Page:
Then there are the Clios, One Show, American Advertising Awards, Ad Age's Best Awards, Cannes International Advertising Festival, Andys, Effies and 100 other chances to win trophies for TV commercials.
So how can it be there are no awards whatsoever for acting in television commercials? True, the dialogue seldom exceeds 75 words, but so what? Haiku has only 17 syllables; that isn't poetry?
It hardly seems fair that everyone knows who Keanu Reeves is, and he is a terrible actor. But who knows Ian Gomez, the guy who turned around in the Bud Light spot and said, "First time in a limo . . . DOC-tah?" Or Michael David Lally, the dad in last year's Macintosh spot who tried, haltingly, to explain the physics of the curveball? Or John McIntosh, who stars in a new spot for Infiniti from TBWA Chiat/Day?
Yes, gone is Jonathan Pryce, musing over the prestige conferred by Infiniti in the most vulgar terms of conspicuous consumption. Gone are the pretentious parties and moody street scenes and tuxedoed tours of product features. Long gone are the rocks-and-trees zen spirituality.
The new campaign is a series of comic vignettes about Infinit(e) owner satisfaction, and in the best of the three, McIntosh is the star. He has all of three lines, but no matter. It's a tour de force.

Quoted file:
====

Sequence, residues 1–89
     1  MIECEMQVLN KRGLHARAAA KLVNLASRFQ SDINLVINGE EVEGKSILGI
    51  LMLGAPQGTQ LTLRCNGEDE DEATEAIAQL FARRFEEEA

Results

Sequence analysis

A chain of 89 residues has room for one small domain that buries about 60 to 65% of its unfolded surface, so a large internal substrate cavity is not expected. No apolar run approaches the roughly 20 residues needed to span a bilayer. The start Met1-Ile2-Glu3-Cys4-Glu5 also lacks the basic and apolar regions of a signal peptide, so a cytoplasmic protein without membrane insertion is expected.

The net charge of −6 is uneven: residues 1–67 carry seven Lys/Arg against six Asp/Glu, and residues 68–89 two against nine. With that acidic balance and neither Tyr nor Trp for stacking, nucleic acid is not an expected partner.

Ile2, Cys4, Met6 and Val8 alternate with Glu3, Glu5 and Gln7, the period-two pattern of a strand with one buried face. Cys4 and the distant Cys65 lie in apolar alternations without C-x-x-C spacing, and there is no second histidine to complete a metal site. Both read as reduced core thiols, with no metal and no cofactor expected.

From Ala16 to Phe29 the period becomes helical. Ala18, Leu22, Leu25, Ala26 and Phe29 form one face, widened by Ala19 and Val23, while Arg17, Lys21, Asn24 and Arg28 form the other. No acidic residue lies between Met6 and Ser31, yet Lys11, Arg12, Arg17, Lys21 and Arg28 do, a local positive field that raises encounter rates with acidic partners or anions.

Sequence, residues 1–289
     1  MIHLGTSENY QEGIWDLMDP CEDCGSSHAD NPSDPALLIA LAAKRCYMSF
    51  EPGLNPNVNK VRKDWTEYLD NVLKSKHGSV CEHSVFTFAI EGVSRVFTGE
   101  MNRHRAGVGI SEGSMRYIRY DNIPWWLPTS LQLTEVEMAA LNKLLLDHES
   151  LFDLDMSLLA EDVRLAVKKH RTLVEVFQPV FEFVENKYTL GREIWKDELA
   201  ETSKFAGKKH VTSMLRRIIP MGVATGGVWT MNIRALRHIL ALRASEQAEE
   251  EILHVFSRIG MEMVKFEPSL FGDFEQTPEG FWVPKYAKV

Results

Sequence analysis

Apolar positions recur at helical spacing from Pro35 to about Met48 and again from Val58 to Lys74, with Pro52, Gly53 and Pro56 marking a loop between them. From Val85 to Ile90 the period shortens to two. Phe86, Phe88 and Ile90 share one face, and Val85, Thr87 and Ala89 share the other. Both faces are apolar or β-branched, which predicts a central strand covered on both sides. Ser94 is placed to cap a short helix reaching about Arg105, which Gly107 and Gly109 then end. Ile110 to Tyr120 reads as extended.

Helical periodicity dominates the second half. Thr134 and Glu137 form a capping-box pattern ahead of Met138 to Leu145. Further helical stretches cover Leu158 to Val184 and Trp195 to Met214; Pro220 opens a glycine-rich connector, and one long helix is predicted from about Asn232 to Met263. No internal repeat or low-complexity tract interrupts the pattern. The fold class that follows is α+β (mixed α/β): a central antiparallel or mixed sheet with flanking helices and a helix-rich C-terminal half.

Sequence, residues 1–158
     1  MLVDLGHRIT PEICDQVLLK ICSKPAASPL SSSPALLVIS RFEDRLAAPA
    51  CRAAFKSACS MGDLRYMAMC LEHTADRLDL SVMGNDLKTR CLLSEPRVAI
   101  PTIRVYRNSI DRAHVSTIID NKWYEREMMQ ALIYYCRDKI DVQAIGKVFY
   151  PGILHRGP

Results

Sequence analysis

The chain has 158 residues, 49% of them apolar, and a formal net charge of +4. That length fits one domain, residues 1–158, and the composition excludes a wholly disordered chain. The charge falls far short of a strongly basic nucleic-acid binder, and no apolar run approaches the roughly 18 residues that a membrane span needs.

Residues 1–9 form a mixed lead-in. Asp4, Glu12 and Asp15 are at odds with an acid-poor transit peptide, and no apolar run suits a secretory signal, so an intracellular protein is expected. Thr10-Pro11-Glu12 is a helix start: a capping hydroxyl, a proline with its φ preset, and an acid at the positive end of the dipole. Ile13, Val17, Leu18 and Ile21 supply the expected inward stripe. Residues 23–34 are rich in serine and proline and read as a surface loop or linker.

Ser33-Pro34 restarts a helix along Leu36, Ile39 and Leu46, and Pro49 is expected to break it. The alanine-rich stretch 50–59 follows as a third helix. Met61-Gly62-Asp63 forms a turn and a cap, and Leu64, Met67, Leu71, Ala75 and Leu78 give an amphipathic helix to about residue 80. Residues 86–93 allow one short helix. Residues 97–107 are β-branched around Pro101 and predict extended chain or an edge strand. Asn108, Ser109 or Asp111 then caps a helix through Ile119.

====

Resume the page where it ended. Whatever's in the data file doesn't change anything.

The scene is an airport, where, while going through security, McIntosh realizes another traveler has accidentally picked up his car keys. This leads to a frantic chase, an improbable sprint down a jetway with a flying leap toward the departing jumbo jet, and a wild scramble through the cargo hold, up a dumbwaiter and into the first-class cabin. There, sooty, sweaty and sucking wind, he takes the seat next to his inadvertent adversary.
Then he juts his head toward the guy, panting, with an expression of disgust and barely controlled rage. He seems to be about to say something threatening, or abusive. But when the words come out, all he says is: "You have my keys."
Then the voice-over: "Infiniti. Own one, and you'll understand."
Thanks substantially to McIntosh's (and director Joe Pytka's) patience and restraint with one ordinary line of dialogue, this is by far the best spot in the campaign. Another, a "War of the Roses" takeoff, gives us a spoiled rich guy faced with losing half of his property in a divorce. So he spitefully takes a chainsaw to his furniture, piano, pool table, artwork, etc., before heading for the garage with an acetylene torch. But at the prospect of harming his Infiniti, he says, "On second thought, maybe we can work this out."
No statuette for that performance, which is an anticlimactic ending to a broad, obvious and derivative commercial. Likewise the third spot, featuring Victoria Jackson as the disconsolate young widow, Courtney (OK, that's funny), at the funeral of her rich, 97-year-old husband. Jackson chews the scenery as she wails in grief, but the flimsy punch line is that she's wailing over the car, which the old guy is being buried inside of.
Comic overstatement has its merits, of course. But when they hand out the first Bobby Award for commercial acting, overstatement will be sucking wind, and comic